*Update* On January 13th, the Supreme Court issued a ruling that freezes Biden’s vaccine-or-test mandate for large private businesses. If you have any further questions regarding this ruling, please reach out to us.
Last Thursday, the Occupational Safety and Health Administration (OSHA) released its long-awaited Emergency Temporary Standard (ETS) regarding the federal vaccine mandate. As per President Joe Biden’s September 9th announcement, OSHA is now requiring employers with 100 or more employees to mandate employee vaccination against COVID-19 or undergo testing at a minimum of once per week. This article will discuss the additional requirements established by the ETS.
The ETS, covering about 84 million employees across the country, stated that employers with 100 or more employees are required to create a written policy that outlines COVID-19 vaccination requirements. Employers must either mandate vaccination for all employees or allow them to choose between vaccination and weekly testing. Unvaccinated employees are also required to wear face coverings. However, those who are unable to get the vaccine or wear a face covering due to a disability or religious belief are able to request a reasonable accommodation, dependent on approval by the employer and in accordance with EEOC guidance.
Also, the ETS explains that the 100-employee minimum is based on the organization as a whole, not individual locations, and includes part-time and full-time employees, but not independent contractors. Employees that are in a workplace by themselves (no other employees or customers), work from home, or work exclusively outdoors are not covered by the ETS but are still included in the total employee number. Employers are required to provide a reasonable amount of paid time off in order for employees to get the COVID-19 vaccine (up to four hours) if the vaccination process occurs during working hours and provide paid sick leave for recovery time as a result of any side effects.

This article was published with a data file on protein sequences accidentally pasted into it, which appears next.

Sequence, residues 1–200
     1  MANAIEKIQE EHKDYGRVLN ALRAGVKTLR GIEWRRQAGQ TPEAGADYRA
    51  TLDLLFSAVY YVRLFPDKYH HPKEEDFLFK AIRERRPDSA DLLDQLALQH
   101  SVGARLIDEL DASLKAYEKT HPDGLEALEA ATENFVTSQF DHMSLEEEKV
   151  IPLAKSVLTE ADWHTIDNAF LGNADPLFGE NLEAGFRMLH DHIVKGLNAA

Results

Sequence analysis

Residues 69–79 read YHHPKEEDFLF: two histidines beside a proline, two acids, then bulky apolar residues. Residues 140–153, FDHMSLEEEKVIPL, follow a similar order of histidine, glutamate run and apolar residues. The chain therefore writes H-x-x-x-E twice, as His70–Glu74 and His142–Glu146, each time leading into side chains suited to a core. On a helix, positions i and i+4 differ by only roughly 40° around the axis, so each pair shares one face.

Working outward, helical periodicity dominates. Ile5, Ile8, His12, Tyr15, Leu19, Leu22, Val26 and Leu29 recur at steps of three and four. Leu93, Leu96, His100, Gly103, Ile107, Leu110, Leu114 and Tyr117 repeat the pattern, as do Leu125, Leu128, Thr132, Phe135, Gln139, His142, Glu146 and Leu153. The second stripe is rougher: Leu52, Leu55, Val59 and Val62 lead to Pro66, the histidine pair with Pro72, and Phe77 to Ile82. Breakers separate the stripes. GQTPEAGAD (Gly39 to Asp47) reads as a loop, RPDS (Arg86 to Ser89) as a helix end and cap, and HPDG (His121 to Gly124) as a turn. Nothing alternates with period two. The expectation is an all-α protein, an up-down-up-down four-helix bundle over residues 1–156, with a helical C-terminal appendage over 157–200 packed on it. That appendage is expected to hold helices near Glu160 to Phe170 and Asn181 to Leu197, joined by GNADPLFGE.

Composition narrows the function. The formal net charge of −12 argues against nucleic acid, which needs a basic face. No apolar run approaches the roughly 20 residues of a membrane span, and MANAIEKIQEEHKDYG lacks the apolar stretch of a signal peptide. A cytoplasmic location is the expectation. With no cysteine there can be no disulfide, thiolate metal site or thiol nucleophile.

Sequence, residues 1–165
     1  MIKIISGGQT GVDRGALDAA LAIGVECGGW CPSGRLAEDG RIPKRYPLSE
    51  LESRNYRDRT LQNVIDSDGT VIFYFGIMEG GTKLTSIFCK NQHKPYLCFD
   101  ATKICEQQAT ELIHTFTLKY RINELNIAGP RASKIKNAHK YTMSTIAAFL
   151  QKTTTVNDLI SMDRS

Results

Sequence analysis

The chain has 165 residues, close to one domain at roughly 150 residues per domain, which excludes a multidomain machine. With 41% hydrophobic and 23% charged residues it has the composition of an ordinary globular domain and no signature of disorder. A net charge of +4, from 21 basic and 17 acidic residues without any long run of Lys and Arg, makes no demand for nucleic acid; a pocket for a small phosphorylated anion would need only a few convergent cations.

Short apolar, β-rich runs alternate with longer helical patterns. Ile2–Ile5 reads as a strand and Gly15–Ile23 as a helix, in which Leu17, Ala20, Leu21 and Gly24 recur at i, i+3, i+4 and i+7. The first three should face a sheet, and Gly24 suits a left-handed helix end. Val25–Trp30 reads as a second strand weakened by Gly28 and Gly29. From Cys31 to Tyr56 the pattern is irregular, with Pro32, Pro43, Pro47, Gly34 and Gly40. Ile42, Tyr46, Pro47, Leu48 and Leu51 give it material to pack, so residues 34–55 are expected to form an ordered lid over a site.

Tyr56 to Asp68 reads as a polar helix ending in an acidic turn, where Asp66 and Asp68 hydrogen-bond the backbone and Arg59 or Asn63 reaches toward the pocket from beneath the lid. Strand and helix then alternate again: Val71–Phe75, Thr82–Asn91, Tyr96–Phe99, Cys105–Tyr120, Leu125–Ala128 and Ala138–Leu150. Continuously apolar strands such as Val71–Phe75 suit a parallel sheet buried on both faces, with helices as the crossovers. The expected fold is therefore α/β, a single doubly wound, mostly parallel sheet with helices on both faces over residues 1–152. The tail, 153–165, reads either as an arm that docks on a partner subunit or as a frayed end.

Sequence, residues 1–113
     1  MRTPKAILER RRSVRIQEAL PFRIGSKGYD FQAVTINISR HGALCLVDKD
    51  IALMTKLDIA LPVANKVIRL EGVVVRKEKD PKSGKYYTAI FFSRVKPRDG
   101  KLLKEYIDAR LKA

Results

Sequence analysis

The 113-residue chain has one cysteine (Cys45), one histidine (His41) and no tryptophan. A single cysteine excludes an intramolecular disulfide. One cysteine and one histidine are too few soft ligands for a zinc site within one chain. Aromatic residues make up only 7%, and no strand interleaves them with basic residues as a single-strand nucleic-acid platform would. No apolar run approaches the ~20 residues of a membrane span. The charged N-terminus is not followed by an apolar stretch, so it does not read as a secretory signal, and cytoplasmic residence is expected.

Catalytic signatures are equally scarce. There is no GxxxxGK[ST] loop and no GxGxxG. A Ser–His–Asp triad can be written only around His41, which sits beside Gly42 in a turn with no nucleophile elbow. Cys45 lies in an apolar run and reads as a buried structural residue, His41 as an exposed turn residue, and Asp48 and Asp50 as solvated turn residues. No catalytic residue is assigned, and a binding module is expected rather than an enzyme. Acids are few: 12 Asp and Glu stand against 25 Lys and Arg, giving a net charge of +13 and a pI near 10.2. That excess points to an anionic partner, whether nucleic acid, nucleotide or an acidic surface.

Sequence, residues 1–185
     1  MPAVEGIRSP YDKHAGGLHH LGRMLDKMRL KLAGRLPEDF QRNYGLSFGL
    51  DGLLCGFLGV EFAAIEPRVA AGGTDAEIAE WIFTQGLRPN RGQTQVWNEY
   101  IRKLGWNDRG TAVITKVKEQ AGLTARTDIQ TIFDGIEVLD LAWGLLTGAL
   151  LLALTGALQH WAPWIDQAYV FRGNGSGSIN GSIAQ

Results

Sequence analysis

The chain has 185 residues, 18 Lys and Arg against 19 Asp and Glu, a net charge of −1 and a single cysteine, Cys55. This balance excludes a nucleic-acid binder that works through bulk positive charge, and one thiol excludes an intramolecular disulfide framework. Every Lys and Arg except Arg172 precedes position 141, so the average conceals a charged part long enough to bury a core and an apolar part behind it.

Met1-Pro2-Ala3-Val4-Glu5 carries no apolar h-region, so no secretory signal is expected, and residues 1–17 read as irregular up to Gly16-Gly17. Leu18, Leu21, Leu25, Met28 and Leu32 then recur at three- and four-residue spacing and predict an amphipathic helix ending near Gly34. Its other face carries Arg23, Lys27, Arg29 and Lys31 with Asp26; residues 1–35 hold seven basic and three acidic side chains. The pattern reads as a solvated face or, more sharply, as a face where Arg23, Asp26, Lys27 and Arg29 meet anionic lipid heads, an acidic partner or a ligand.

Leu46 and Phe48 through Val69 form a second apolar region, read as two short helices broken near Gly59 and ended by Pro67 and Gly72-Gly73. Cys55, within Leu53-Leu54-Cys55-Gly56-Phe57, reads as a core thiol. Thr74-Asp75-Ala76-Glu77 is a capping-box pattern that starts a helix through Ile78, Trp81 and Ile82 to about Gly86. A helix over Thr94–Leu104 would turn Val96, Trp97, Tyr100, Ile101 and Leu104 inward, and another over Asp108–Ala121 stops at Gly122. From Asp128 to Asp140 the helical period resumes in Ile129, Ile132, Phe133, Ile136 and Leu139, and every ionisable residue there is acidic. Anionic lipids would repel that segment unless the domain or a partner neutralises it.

Employees must provide acceptable proof of vaccination to their employer to be considered fully vaccinated. An employee that is vaccinated but does not submit proof, will have to follow testing and face covering requirements.
As for weekly testing, employers are not required to pay under the ETS but may be required under an employment agreement or state regulation. New York does not currently require employers to pay for testing. If employers choose to do so, they are permitted to pay for their employees’ testing.
Employees who do not get the vaccine must take a COVID test at least once per week and submit the results to their employer. If an employee is away from the workplace for a week or more, they must get tested within a week of their return. Unvaccinated employees that fail to submit test results are to be removed from the workplace and prohibited from returning until they submit a negative test result. Similarly, an employee that receives a positive test result must inform their employer promptly. These employees, regardless of vaccination status, must remain home until medically permitted to return.
In addition to submitting testing, unvaccinated employees must wear face coverings while indoors and while in a work vehicle with another employee. Unvaccinated employees are permitted to remove their face covering when alone in a closed room, while eating or drinking, when needed for identification purposes, when wearing a respirator or face mask, and when the employer can demonstrate that wearing a face covering is infeasible.
Similar to testing, employers can pay for face coverings if they choose to do so but are not required to, unless they are required to under an employment agreement or state regulation.
Employers are also required to provide several documents to their employees. First, an employer must provide, in a format that their employees can understand, information about the ETS and the policies the employer has established in compliance with the ETS. Second, they must provide the CDC document titled “Key Things to Know About COVID-19 Vaccines.” Third, information regarding employee protection from retaliation and discrimination, and fourth, information on criminal penalties for knowingly supplying false statements or documentation.
OSHA’s federal rule went into effect immediately. However, employees must be vaccinated by January 4, 2022 or begin their weekly testing. For all other requirements set forth by OSHA, such as implementing a COVID policy, employers must be in compliance by December 5, 2021.
While there has been a constitutional challenge in federal court, we are urging our clients to be prepared for this mandate. If you need assistance meeting the requirements of this new rule, please reach out to us.